Scallywag takes the lead from MAPFRE

By | February 13, 2018

Sun hung Kai/Scallywag lead the race to Auckland. Photo: Jeremie Lecaudey/Volvo Ocean Race

Sun hung Kai/Scallywag has taken a slim lead in the Volvo Ocean Race, undercutting the rest of the fleet to get their nose in front.

The vessels are currently contesting leg six of the race – from Hong Kong to Auckland – in what was widely thought to be the most challenging leg of the event.

The majority of the fleet took a wide berth after travelling past Taiwan, Scallywag cut down earlier than their opponents to take a slim lead.

Team AzkoNobel held second place just 22km off the lead, with Turn the Tide on Plastic in third about 80km off the leaders.

MAPFRE, who were holding a slim lead on Monday, had dropped back to fifth place.

Scallywag turns the table with their massive gain of 32.4nm (DTF: 3,813.8nm) and taking the lead among the fleet!

Team AzkoNobel held second place just 22km off the lead, with Turn the Tide on Plastic in third about 80km off the leaders.

MAPFRE, who were holding a slim lead on Monday, had dropped back to fifth place.

However with the fleet over 6800km from reaching Auckland, it was still anyone’s race.

“It’s all to play for,” Scallywag’s John Fisher told volvooceanrace.com. “We saw that on the last leg coming the other way. You just have to pick your spot in the doldrums. The nav team is pretty happy with where we are and where we’re going. So I have every confidence in them.”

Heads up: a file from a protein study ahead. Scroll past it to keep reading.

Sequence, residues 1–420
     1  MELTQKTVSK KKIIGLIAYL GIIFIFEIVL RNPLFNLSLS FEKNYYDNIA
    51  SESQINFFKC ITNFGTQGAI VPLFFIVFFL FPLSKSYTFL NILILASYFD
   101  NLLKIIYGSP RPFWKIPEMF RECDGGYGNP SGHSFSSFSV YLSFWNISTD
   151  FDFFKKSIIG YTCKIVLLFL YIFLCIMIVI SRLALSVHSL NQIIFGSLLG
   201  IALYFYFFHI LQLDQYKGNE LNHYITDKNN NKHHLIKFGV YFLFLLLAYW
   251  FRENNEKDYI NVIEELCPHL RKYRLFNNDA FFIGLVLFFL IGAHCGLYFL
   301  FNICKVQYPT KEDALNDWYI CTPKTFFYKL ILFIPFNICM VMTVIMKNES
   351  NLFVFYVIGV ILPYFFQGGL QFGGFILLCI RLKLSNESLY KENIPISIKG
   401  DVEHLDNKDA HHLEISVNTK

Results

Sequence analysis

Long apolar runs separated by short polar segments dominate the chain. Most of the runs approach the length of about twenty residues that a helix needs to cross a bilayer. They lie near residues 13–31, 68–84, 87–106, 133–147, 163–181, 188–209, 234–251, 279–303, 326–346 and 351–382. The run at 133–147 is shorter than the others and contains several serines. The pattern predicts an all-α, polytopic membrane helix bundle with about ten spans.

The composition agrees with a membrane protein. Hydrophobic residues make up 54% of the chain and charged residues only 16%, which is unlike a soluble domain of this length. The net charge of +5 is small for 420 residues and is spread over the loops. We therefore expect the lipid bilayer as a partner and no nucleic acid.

The fleet are approaching a vital point of the leg as they travel toward to doldrums.

The doldrums are a common term used by sailors to describe the areas five degrees north and south of the equator where the respective trade winds collide. Due to the heat of the area, the warm airs rise, causing persistent bands of showers and storms around the Earth’s midsection. There is often little surface wind in this area of the world, which can becalm ships.

In the race to Auckland, the fleet will encounter these about 1500km past the Philippines and 4000km from Auckland.

The vessels have been on the water for almost a week since leaving Hong Kong, but weren’t expected to arrive in Auckland until February 27 at this stage.

Sun hung Kai/Scallywag skipper David Witt is doused by a wave. Photo: Jeremie Lecaudey/Volvo Ocean Race

Vestas 11th Hour Racing, had already arrived in Auckland to undergo repairs on a damaged hull.

The vessel sustained damage when it collided with a fishing boat in Hong Kong and was unable to be repaired before the leg to Auckland.

As a result, it was transported by a freight vessel ahead of the fleet to be repaired and ready to go when the fleet leaves Auckland next month.

The story is from The New Zealand Herald.